Betsy Rafferty, a teacher at Bishop Hartley High School, attended last night’s Columbus premiere of the new education documentary Waiting for Superman. The documentary showcases the mechanisms of failure and incredible impact of outdated design and low expectations in our nation’s public schools – both urban and suburban.
Below, Betsy reflects on the film from her position as a teacher.
With a blend of personal anecdote, professional opinion, and clear explanation of the history and state of the education system, Waiting for Superman offers a fairly well-balanced documentary experience.
Those who have lived an experience of seeking equal access to education already know the personal stories will be engaging. As the documentary unfolds and we learn the hopes, dreams, and efforts of the individual students with whom we journey, we become emotionally invested in the lottery-based outcome of their educational paths. With this family lens, the documentary helps viewers identify with the urgency of the issue that affects students nationwide.
At the same time, the explanations of the education system – from charter and magnet schools to the history of the public school – were memorable and easy to follow. Those who came to the movie with a surface interest could leave with a fairly clear understanding of the hot-button issues in our current education system.
If the movie was meant to stir my emotions, the night was a success. I became interested, invested, frustrated, and inspired throughout the movie. The most frustrating aspects both relate to instincts that emerged when I was a young girl – instincts that tell me that now, as a teacher, every student is “my” student, and I will do everything within my power to secure what is best for my students.
The other most frustrating aspect came from watching education professionals like Howard Fuller and Michelle Rhee discuss their inability to remove ineffective educators from their classrooms. When scores of children are not being educated by an educator to whom they have been entrusted, that professional should be removed and allowed to find a different career. I believe in myself and fellow educators enough to invite the request, demand, and support for high expectations of us as professionals and our ability to uphold our commitments. My job is not my “right,” but my opportunity and responsibility.
Between the personal accounts, professional opinions, and clear explanations, Waiting for Superman does a great job of illustrating the system, which is, in fact, broken. So, what will we do, if this is to be a movie that not only stirs passion and inspires us to pledge, promise, and think but also to mend the system?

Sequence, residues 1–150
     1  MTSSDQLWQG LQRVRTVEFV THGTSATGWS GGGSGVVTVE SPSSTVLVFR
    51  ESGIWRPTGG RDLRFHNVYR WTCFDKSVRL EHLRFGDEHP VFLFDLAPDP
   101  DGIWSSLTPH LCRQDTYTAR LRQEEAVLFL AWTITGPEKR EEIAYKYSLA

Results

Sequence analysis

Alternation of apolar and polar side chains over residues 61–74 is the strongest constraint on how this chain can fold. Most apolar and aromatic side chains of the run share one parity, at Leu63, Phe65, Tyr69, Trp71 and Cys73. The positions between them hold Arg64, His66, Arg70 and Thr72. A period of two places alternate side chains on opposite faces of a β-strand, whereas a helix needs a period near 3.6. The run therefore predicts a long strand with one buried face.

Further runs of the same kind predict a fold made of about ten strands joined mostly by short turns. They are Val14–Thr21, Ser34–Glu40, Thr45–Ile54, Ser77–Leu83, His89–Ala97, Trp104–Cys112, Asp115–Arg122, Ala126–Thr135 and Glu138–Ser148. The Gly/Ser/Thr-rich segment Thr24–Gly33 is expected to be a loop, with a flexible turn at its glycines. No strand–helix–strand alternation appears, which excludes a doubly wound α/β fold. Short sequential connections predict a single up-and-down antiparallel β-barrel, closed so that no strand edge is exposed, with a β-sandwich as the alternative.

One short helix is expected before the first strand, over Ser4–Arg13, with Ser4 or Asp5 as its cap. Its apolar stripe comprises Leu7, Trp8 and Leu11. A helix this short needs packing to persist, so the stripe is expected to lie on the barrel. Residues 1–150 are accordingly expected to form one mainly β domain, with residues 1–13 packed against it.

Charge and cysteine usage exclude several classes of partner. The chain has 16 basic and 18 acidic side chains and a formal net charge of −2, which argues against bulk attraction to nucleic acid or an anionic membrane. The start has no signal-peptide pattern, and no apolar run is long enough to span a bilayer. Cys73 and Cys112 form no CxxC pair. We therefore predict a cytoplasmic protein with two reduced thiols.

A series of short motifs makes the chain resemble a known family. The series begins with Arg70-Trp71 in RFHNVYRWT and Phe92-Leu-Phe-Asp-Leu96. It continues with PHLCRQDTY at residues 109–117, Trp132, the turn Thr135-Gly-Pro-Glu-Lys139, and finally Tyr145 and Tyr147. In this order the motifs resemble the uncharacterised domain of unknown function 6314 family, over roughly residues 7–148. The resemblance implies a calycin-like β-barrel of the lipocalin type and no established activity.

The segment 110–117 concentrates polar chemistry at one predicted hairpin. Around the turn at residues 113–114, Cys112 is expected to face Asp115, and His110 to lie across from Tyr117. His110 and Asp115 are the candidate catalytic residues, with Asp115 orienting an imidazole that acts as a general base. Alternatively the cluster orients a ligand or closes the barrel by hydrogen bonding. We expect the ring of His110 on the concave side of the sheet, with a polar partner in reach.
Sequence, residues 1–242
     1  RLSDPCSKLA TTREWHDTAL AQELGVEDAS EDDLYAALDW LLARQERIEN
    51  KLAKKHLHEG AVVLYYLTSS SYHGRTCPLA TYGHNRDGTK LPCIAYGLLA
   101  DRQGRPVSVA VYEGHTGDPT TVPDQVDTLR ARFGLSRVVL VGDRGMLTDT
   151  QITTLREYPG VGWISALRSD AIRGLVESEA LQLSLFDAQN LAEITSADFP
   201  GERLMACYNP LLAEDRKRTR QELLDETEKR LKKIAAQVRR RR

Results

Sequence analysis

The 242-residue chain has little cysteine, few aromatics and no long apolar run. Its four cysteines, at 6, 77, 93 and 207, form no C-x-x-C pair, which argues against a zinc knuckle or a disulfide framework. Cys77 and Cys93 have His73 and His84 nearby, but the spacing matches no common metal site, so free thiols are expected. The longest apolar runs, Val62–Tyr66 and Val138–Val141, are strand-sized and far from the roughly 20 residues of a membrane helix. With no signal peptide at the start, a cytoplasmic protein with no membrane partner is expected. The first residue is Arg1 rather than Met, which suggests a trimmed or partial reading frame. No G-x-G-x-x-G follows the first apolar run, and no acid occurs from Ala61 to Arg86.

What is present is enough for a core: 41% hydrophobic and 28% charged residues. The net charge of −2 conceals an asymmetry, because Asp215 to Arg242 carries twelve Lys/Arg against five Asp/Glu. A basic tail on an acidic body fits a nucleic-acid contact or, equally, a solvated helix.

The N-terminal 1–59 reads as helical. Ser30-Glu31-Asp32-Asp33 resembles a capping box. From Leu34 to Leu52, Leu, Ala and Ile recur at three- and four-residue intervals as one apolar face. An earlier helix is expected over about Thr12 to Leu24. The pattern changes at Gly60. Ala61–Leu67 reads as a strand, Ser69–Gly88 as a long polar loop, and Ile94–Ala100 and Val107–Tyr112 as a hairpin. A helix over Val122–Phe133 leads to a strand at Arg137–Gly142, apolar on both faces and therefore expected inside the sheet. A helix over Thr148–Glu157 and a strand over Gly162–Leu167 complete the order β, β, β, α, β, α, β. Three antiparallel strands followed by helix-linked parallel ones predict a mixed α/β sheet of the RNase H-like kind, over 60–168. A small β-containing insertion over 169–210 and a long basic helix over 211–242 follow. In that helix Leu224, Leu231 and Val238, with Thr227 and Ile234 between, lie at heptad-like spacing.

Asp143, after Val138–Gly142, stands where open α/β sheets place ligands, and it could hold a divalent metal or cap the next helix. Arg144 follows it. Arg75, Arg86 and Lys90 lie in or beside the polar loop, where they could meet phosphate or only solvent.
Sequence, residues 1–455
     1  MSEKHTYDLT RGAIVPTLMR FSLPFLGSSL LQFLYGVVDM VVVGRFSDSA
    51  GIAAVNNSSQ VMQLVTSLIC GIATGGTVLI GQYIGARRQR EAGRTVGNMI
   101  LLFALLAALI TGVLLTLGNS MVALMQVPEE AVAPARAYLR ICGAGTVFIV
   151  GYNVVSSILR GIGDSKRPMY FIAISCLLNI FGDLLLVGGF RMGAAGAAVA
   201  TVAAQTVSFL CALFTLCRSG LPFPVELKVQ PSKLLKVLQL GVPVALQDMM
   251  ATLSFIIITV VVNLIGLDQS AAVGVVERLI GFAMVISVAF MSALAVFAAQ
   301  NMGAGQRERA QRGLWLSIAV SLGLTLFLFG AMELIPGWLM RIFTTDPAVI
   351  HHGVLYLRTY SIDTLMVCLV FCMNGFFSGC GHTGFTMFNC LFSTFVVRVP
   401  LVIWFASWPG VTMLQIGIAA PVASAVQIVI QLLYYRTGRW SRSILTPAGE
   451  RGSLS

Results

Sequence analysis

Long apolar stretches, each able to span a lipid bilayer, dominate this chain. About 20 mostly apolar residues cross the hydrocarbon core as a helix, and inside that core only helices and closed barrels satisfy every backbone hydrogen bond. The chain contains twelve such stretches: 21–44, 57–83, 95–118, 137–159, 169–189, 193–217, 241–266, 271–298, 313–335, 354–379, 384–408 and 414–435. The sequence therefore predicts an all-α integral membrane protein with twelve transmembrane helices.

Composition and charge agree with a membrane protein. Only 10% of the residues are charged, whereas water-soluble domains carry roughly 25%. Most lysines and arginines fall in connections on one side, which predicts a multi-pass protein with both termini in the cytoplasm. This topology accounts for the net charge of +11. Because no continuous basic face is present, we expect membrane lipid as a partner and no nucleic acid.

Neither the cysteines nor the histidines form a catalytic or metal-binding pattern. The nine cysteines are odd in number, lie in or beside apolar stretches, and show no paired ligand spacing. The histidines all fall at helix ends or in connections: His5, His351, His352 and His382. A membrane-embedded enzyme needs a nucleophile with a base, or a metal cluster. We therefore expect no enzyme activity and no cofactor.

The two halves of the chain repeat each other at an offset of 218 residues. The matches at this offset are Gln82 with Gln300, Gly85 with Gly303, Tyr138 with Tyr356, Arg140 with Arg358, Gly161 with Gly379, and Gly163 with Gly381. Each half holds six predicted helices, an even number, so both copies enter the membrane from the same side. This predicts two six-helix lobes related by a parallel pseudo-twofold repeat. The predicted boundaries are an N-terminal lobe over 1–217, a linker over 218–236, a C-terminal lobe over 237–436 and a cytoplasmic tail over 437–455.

It can only be fixed with MAGIC: Making A Greater Individual Commitment. Your MAGIC may be different than my MAGIC, but it must be done.
- As an individual learner: Educate yourself on the issues and spread the word. Talk to friends, teachers, and legislators. Let them know you want strong options for our students, including support for schools and an increase in EdChoice vouchers (to avoid our own Ohio voucher lottery). Good places to start your education include: School Choice Ohio, Democrats for Education Reform, and the Black Alliance for Educational Options.
- As a teacher: Continue to give your best and take advantage of helpful resources while meeting your students’ needs. One of the hot books to helping teachers prepare ALL students for college: Teach Like a Champion.
- As a financial donor: You can purchase books or school supplies for a classroom or contribute to a scholarship fund to help get kids into successful schools that can serve them. In Ohio, check the Northwest Ohio Scholarship Fund, Parents Advancing Choice in Education, and Children’s Scholarship Fund of Greater Cincinnati
- As a time donor: volunteer at a local school and mentor a student. Mentoring makes a huge difference.
- If you’re not sure: comment on this blog or contact School Choice Ohio. We’ll brainstorm together. Your MAGIC is important to the mission of educating our kids, and your passion is only as powerful as the MAGIC it inspires.
(Links added by SCO)